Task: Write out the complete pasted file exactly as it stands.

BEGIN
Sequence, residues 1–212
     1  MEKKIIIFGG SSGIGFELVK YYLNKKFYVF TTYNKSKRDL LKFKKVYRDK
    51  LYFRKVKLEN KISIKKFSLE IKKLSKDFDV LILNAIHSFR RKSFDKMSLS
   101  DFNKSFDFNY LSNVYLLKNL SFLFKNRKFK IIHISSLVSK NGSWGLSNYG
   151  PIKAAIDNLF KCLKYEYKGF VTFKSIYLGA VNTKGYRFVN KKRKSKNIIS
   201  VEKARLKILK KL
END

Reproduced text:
Sequence, residues 1–212
     1  MEKKIIIFGG SSGIGFELVK YYLNKKFYVF TTYNKSKRDL LKFKKVYRDK
    51  LYFRKVKLEN KISIKKFSLE IKKLSKDFDV LILNAIHSFR RKSFDKMSLS
   101  DFNKSFDFNY LSNVYLLKNL SFLFKNRKFK IIHISSLVSK NGSWGLSNYG
   151  PIKAAIDNLF KCLKYEYKGF VTFKSIYLGA VNTKGYRFVN KKRKSKNIIS
   201  VEKARLKILK KL